Then there is the refusal on the part of wealthy progressives to live by the values they profess to support at the national level. Creating dense, economically and socially diverse urban environments ought to be a paramount goal of progressivism. Cities are the standard geographical unit of the global economy. Dense urban areas are quite literally the “real America” — the cities are where two-thirds of Americans live, and they account for almost all national economic output. Urban areas are the most environmentally friendly way we know of housing lots of people. We can’t solve the climate crisis without vastly improving public transportation and increasing urban density. More than that, metropolises are good for the psyche and the soul; density fosters tolerance, diversity, creativity and progress.

Yet where progressives argue for openness and inclusion as a cudgel against President Trump, they abandon it on Nob Hill and in Beverly Hills. This explains the opposition to SB 50, which aimed to address the housing shortage in a very straightforward way: by building more housing. The bill would have erased single-family zoning in populous areas near transit locations. Areas zoned for homes housing a handful of people could have been redeveloped to include duplexes and apartment buildings that housed hundreds.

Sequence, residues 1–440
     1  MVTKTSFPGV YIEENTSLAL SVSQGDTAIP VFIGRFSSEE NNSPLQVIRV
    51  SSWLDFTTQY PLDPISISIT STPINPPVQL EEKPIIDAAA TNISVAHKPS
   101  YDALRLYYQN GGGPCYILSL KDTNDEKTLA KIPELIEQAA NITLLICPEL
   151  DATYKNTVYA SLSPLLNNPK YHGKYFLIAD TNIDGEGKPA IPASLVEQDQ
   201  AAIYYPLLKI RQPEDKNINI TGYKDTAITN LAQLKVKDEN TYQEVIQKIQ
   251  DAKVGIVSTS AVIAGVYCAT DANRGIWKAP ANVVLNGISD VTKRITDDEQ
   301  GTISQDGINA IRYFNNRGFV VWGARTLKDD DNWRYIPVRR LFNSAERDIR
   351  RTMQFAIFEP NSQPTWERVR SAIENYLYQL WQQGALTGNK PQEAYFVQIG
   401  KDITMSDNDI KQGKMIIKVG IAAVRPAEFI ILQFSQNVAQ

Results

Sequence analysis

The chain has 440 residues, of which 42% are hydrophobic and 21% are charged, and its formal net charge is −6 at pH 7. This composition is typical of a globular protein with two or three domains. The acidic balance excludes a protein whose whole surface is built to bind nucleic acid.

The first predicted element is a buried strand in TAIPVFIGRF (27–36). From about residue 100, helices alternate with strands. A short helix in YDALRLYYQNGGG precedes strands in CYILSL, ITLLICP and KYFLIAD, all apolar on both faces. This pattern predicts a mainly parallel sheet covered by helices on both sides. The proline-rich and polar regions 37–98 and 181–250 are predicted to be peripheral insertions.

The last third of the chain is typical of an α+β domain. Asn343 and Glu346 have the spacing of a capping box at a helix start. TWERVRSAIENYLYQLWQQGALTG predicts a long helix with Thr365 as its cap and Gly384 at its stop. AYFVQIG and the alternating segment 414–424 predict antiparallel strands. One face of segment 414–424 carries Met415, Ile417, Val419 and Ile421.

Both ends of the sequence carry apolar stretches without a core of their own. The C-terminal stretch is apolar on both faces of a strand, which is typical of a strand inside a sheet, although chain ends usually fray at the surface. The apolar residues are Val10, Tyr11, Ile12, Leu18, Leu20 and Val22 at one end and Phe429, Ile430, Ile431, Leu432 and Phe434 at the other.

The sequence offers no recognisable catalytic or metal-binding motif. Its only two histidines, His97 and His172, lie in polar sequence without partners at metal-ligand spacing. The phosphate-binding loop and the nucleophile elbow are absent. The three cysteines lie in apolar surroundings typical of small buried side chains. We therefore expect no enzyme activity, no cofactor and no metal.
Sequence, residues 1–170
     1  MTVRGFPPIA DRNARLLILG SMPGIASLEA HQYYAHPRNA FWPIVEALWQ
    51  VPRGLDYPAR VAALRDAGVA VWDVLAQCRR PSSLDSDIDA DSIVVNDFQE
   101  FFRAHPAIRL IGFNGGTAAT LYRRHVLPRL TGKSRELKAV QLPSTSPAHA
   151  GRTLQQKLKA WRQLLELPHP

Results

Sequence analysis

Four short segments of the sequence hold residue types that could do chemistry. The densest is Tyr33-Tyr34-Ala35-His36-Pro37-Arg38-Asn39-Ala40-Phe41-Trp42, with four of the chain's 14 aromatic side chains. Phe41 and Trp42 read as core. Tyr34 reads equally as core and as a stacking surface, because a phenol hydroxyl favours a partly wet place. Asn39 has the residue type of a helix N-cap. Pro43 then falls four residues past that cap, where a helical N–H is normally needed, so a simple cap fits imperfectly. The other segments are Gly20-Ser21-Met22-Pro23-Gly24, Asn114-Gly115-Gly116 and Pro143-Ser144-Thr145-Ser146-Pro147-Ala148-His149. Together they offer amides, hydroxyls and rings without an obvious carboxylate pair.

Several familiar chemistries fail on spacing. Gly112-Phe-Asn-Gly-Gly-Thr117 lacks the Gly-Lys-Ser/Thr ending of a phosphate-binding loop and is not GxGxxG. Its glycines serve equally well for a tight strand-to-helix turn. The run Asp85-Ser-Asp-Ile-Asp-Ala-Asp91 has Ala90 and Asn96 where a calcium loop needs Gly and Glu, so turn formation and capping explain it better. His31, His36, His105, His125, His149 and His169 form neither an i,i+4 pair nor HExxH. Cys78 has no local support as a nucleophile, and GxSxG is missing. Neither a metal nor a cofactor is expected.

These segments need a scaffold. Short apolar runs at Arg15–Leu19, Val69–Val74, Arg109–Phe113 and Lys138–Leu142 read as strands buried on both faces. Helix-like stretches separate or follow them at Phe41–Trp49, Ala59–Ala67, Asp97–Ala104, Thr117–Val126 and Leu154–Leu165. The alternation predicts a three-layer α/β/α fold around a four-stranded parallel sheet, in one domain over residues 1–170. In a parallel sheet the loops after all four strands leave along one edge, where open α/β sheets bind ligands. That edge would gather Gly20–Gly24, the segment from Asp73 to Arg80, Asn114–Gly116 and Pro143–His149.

The bill had garnered support from a diverse coalition of business and advocacy groups, and its sponsor, State Senator Scott Wiener, had negotiated a series of compromises with some of its fiercest opponents. Polls showed the measure to be widely popular. For the first time, something extraordinary looked possible: California’s wealthy homeowners would abandon their restrictionist attitudes and let us build some new housing.

Nope. Instead, Anthony Portantino, a Democratic state senator whose district includes the posh city of La Cañada Flintridge and who heads the appropriations committee, announced that he’d be shelving the bill until next year. In an interview with The Los Angeles Times, he worried that the law would spur lots of people to move near residential bus routes, which he suggested would alter the character of enclaves like his.

And? Why is that so bad?

Reading opposition to SB 50 and other efforts at increasing density, I’m struck by an unsettling thought: What Republicans want to do with I.C.E. and border walls, wealthy progressive Democrats are doing with zoning and Nimbyism. Preserving “local character,” maintaining “local control,” keeping housing scarce and inaccessible — the goals of both sides are really the same: to keep people out.